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Tuesday, October 11, 2016

Can the nation hold together even if Trump loses?

"But oh,  the ugliness still ahead."

Campaign signs have assumed a different message since the advent of Donald Trump as a presidential candidate.  For people of some intelligence and decency,  a Trump campaign sign does not merely advocate for a candidate;  it tells them that the people who live where the sign is placed are enemies of what Lincoln called the better angels of our nature.  Trump opposes the basis of democracy and as an individual does and says things that refute all the norms of human decency.  

In the latest affront to cultural progress and comity,  that 11-year-old video tape in which Trump invokes the P-word,  Trump states a social principle that guides the thinking and moral sense of the many Americans who support him:  if you are rich and famous,  you can do anything with impunity.  Trump embodies the one percent.  His supporters grovel before their master.  

Trump is the quintessence of the values that many Americans hold dear.  In their minds, he has realized the American "dream" and gives it definition.  He has gotten rich and powerful and that gives him the right to screw over other people as he pleases.  He is a winner.  All those other people are losers.  That is how he defines society, an application of the either/or fallacy. To him and his kind, humanity is divided into only two groups, winners and losers,   and his many supporters like to think they are allied with the winners.  Those supporters may invoke the nation's founding documents in their attacks against losers,  but Trump's attitude and actions regarding the founding principles--freedom,  equality, justice--demonstrate a fundamental contempt for them.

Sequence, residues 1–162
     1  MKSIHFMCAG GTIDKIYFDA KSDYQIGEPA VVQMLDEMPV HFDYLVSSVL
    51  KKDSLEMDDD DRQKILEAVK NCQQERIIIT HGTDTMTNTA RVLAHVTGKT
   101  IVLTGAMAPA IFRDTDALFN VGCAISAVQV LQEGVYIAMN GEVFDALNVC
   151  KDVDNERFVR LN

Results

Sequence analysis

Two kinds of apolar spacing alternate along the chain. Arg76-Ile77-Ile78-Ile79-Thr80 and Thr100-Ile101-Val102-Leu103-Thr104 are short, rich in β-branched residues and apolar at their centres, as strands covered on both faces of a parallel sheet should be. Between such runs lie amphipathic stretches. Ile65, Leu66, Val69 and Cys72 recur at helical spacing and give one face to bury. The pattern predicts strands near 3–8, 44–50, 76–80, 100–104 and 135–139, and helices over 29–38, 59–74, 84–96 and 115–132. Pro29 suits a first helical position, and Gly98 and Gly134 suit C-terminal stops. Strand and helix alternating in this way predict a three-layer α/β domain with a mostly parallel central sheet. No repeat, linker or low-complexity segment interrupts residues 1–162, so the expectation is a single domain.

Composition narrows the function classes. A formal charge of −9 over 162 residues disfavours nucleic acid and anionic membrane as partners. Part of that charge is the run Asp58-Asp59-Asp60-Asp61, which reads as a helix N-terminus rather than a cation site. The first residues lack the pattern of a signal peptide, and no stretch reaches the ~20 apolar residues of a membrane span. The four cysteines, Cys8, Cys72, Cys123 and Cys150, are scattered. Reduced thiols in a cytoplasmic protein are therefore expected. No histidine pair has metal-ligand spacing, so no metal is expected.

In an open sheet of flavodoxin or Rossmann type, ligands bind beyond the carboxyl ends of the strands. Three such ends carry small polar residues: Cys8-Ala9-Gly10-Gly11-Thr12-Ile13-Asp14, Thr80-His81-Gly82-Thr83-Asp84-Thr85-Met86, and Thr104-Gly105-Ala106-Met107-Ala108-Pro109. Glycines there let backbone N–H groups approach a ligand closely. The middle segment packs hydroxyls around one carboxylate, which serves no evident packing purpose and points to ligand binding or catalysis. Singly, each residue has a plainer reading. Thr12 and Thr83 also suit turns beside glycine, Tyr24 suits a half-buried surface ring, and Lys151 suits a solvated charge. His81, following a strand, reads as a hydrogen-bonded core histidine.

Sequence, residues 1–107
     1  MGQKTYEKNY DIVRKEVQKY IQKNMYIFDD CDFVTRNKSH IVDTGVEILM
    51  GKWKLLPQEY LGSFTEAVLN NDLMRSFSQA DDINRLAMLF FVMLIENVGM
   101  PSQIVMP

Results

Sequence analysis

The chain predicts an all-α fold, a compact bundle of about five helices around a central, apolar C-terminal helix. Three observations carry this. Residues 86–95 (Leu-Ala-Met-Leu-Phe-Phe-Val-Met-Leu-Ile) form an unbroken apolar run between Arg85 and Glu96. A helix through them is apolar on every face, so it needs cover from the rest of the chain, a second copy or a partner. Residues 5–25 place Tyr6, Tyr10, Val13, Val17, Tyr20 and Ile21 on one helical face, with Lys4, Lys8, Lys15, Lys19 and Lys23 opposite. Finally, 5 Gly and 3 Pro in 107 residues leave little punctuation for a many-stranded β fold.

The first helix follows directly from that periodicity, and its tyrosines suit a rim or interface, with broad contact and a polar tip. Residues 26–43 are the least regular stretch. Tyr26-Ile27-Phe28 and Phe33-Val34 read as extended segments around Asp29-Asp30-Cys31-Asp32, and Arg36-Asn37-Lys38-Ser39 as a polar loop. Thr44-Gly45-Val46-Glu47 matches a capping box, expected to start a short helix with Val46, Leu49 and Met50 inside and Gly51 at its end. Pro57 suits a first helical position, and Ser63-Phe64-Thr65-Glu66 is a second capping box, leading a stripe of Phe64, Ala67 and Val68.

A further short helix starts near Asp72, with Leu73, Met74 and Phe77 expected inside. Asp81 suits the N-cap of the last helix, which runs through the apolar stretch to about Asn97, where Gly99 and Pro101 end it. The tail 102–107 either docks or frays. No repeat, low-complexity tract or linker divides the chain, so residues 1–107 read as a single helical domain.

What his slogan, "Make America Great Again," and the hectoring about what a deplorable state the nation is in are declarations that Trump and his followers do not like America and what it has become.  They don't like immigrants,  although most of them descended from immigrants.  They have been in a rage about a black president, and their racist denigrations of him and the African American people in general have opened up the  malignancy that has festered in some quarters since slavery.  They deny and reject the progress made in civil rights, in providing voice and equity to working people, in acknowledging what public education has done to enable democracy.  The fact is that the America they want to make great is an America that wants to return to Old World feudalism,  racial oppression, and an injustice system presided over by CEOs, the current versions of lords of the manors.  They long for the Third Reich in America. As New York Times writer Roger Cohen observes,  Trump " has demonstrated beyond doubt that the human inclination to bow to an all-powerful master endures."